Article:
HL Deb 17 June 1993 vol 546 cc1662-6

3.11 p.m.

Lord Pearson of Rannoch asked Her Majesty's Government:

What areas would not fall within the exclusive competence of the European Community under Article 3b of Title II of the Treaty on European Union, and what areas would.

The Lord Chancellor (Lord Mackay of Clashfern)

My Lords, areas which fall within the exclusive competence of the European Community are those where the comprehensive nature of the treaty's requirements for the Community to adopt a common policy prevents action within the ambit of that policy by member states. In all other areas member states remain competent to act provided their action does not conflict with existing Community rules. An example of an area of exclusive competence is the common agriculture policy. Not all action on agriculture by member states is excluded. For example, the law on agriculture holdings and fiscal policy on agriculture remain for member states.

Lord Pearson of Rannoch

My Lords, I thank my noble and learned friend for that reply. It goes to the heart of the Government's position when they claim that subsidiarity will be our shield against further attacks on our sovereignty by the Community. Since my noble and learned friend has not defined precisely which areas will be protected by the somewhat illusory shield of subsidiarity and those which will not, can he say by whom this vital decision will be taken? Will it be taken by the unelected Commission? Or will it be taken by the Council? If the decision is taken by the Council, will it be a majority or a unanimous vote? Or will the decision be taken by the Luxembourg court? If the court is to have anything to do with the decision, does my noble and learned friend agree with my right honourable and learned friend the Attorney-General that our concept of judicial review is not available in that court?

The Lord Chancellor

My Lords, the definition of these areas is on the lines that I have sought to describe. I believe that that can be applied to any term of the treaty. However, as I sought to point out in the speech that I made on Second Reading of the European Communities (Amendment) Bill, the third paragraph of Article 3b on subsidiarity applies whether or not the area in question is an area of exclusive competence. Therefore, the rule of subsidiarity can have effect both within and outside the areas of exclusive competence of the Community. The question of what is such an area or what is the effect of subsidiarity, if disputed, is ultimately a matter for the Court of Justice of the European Community. Its decision is a decision on a matter of Community law. My noble friend referred to an answer by my right honourable and learned friend the Attorney-General. It is true that the procedures of the Court of Justice are somewhat different from ours. But the procedures of the Court of Justice enable the kind of question asked by my noble friend to be fairly and fully discussed and decided.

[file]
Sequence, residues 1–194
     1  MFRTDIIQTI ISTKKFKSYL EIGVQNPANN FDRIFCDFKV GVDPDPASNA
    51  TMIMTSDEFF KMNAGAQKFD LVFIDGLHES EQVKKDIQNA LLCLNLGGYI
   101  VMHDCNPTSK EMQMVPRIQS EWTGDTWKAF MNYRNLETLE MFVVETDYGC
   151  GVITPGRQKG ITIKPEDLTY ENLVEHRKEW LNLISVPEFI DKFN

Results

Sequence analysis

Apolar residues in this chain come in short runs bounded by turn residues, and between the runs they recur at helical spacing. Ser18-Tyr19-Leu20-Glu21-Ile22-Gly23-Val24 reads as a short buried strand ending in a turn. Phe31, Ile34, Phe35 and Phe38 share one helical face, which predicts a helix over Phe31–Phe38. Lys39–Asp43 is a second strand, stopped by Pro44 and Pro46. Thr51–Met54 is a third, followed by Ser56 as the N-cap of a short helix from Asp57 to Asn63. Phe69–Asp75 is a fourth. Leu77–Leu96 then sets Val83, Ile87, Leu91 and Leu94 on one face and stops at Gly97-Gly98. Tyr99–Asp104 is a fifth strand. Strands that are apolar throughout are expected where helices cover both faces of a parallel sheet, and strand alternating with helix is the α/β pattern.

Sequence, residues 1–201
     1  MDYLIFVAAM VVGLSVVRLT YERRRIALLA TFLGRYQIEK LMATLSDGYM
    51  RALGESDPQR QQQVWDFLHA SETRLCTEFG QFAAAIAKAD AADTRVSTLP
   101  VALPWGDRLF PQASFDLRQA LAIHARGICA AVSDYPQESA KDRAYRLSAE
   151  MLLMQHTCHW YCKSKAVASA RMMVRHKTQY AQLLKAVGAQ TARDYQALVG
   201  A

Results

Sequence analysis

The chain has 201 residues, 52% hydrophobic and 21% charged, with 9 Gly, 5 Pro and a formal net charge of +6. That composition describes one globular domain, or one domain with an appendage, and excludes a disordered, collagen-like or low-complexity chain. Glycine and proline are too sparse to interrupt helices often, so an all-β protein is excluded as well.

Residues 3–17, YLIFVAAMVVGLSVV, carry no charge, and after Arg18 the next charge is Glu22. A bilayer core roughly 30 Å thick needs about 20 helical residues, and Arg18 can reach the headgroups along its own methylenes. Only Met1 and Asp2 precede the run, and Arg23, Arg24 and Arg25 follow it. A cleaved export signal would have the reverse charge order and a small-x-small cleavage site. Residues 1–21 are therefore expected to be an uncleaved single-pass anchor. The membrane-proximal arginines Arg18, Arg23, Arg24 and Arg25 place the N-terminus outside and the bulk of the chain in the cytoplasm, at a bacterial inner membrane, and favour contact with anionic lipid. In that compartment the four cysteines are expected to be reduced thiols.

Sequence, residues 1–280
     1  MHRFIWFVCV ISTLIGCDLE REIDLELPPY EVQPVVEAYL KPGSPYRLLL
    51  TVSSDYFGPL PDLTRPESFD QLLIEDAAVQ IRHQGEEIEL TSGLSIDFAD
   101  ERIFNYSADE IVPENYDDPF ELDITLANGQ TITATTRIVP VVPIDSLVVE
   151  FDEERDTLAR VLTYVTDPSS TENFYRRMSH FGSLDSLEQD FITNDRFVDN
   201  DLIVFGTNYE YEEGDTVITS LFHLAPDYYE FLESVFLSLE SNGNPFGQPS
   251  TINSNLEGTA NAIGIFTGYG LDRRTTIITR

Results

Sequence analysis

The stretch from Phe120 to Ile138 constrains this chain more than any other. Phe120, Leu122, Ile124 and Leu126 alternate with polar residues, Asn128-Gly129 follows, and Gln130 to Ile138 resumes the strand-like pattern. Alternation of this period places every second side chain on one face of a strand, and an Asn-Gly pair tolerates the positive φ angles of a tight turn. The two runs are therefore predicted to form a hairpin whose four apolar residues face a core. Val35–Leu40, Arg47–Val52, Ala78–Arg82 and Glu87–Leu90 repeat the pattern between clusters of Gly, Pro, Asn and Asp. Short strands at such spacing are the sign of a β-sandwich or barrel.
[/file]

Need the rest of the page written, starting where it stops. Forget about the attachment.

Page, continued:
Lord Bruce of Donington

My Lords, is the noble and learned Lord aware, as I am sure he is, of the 24-page document published by the European Commission exactly on this subject? Is the noble and learned Lord aware that the document contradicts the treaty under discussion in that there is no such thing as exclusive competence referred to in Article 3b, but only the notion of exclusive competence? Further, is he aware that the document does not list the areas covered by that term?

Is the noble and learned Lord aware that the Commission itself has further contributed to the confusion, which we trust the noble and learned Lord will assist us in resolving, as regards subsidiarity, which now becomes muddled up, if I may use the term, with intensity, proportionality, the functional and material elements of it, the complementary measures required even to consider it, the hierarchy of norms, which is another bit of gobbledegook, and so on? Is the noble and learned Lord aware that this whole question has now become shrouded in such ambiguity as to become almost an abuse of Parliament?

The Lord Chancellor

My Lords, I am not sure that I have discerned, in the clarity of the noble Lord's question, the heart of the question. If it is a question of the difference between a Community document and the treaty, there is no doubt which is the decisive document; namely, the treaty. It is of course possible to shroud even the clearest concept in mystery if one cares to aim for that. I have sought to indicate with as much clarity as I can command what the scope of that doctrine is. I believe that it is an important doctrine and that it is reasonably clearly set out in the three paragraphs of Article 3b of the treaty.

Lord Hailsham of Saint Marylebone

My Lords, is it not the case that some of the most valuable legal concepts are really much simpler than some people think; for instance, that of the reasonable man? Is it not the case that they are matters of degree and fact to be decided on all the circumstances of the case and that anybody with a certain amount of common sense finds no difficulty with them?

The Lord Chancellor

My Lords, I respectfully agree with my noble and learned friend. It is of course possible for people to argue at almost indefinite length about what the reasonable man would do in particular circumstances, but that in no way detracts from the value of the concept in our law. It has proved a valuable concept over many generations. I believe that subsidiarity may do the same.

Baroness Seear